Accidental decannulation in the postoperative period is one of the most feared complications of pediatric tracheostomy. In patients with TCS, who must receive a shorter tracheostomy tube, accidental decannulation is more likely. Reinsertion of the tracheostomy can prove difficult and may result in greater mortality and loss of the airway owing to the rigidity of the trachea and lack of normal laryngotracheal landmarks. One of our patients experienced an accidental decannulation in the first week after tracheostomy, and rigid bronchoscopic visualization was required for reinsertion of the tracheostomy tube. At our institution, patients with recent tracheostomy are kept in the intensive care unit until the first tracheotomy tube change is performed to verify that the tract is well established and the airway is secure.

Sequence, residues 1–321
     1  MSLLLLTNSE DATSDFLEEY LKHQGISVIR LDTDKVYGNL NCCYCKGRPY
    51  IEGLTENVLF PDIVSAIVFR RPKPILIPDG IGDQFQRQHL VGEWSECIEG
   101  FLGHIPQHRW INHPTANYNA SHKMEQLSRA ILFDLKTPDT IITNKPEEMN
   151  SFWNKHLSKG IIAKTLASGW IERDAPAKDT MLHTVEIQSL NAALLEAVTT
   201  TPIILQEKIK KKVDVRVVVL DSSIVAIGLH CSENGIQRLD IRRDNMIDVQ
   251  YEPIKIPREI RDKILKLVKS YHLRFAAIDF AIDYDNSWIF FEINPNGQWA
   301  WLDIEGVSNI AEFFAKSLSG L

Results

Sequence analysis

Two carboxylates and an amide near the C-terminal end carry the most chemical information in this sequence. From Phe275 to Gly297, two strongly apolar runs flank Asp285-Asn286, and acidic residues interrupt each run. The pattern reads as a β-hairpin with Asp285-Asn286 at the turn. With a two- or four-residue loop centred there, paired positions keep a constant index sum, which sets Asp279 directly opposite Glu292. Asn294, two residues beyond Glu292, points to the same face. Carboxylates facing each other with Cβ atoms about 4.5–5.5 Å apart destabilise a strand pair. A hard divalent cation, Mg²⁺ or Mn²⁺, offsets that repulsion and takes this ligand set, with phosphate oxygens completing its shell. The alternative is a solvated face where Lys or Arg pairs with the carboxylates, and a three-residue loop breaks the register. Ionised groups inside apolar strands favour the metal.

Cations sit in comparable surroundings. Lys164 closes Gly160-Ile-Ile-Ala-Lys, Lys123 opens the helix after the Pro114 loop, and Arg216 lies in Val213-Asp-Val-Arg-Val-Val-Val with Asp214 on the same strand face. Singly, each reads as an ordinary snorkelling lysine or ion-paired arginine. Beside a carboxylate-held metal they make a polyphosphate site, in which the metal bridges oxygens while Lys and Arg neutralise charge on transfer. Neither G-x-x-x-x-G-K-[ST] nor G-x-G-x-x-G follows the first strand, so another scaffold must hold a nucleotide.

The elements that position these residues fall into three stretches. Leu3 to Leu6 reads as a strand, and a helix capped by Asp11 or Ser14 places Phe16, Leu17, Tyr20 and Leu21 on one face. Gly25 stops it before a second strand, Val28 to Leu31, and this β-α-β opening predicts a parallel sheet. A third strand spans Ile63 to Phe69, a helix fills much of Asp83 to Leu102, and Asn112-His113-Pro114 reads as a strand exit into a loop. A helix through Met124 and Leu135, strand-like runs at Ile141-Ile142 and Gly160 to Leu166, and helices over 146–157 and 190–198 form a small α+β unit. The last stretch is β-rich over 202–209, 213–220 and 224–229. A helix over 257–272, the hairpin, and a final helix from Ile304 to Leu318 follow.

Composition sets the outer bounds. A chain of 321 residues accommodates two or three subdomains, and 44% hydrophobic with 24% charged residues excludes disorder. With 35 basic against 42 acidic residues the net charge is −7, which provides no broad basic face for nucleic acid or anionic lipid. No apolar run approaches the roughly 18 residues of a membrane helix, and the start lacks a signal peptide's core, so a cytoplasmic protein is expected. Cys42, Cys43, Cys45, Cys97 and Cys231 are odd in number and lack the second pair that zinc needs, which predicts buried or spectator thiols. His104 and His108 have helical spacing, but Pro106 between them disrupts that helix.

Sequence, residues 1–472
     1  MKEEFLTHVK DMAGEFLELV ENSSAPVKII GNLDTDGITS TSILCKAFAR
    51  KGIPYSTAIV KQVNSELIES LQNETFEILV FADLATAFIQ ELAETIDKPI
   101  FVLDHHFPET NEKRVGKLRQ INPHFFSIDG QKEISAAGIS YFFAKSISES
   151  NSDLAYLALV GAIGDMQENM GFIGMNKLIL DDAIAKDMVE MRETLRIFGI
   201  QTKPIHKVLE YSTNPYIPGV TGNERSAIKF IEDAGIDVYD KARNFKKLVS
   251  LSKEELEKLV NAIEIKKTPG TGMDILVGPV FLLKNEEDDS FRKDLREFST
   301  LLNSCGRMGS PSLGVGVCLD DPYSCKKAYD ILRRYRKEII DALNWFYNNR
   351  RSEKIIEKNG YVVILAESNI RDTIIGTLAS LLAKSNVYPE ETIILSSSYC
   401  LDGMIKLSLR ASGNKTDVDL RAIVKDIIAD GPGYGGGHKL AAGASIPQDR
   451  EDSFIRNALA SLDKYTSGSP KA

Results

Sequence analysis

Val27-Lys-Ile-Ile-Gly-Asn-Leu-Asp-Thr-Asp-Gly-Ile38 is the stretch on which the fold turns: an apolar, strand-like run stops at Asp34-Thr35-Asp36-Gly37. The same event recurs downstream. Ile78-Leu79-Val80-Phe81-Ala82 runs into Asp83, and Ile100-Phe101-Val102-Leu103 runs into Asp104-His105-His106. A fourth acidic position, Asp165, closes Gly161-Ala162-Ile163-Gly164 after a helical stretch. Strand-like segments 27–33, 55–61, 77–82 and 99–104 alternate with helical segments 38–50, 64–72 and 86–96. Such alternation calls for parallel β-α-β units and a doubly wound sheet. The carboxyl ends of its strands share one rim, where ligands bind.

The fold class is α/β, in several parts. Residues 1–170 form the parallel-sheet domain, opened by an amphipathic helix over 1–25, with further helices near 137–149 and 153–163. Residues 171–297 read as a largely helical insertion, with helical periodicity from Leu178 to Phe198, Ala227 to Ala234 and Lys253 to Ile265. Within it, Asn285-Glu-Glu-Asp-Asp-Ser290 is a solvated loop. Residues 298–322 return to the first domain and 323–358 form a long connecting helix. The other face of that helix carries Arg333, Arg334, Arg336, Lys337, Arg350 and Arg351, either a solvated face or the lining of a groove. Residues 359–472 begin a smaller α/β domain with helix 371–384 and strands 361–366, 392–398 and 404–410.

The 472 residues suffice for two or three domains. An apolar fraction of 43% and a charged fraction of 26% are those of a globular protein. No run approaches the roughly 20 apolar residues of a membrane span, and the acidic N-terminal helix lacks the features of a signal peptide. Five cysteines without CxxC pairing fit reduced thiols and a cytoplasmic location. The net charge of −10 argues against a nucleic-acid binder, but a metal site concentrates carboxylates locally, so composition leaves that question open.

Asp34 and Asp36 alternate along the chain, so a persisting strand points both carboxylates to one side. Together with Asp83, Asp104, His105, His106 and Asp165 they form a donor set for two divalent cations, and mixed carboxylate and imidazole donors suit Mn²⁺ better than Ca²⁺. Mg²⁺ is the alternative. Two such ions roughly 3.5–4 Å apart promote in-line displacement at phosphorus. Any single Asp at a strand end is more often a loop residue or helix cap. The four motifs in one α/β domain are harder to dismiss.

Tracheal cartilaginous sleeve can be associated with BSS. In patients with midface hypoplasia associated with a craniosynostosis syndrome undergoing tracheostomy, the surgeon must be prepared to encounter and manage TCS intraoperatively. Bronchoscopy and needle localization can be beneficial when performing tracheostomy in patients with TCS. Patients undergoing tracheostomy should be considered for customized, shorter-than-average tracheostomy tubes and managed conservatively in the postoperative setting.

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Article Information

Submitted for Publication: May 13, 2014; final revision received June 26, 2014; accepted July 2, 2014.

Corresponding Author: Vikash K. Modi, MD, Division of Pediatric Otolaryngology, Department of Otolaryngology–Head and Neck Surgery, Weill Cornell Medical College, 428 E 72nd St, Ste 100, New York, NY 10021 (

Published Online: November 6, 2014. doi:10.1001/jamaoto.2014.2790.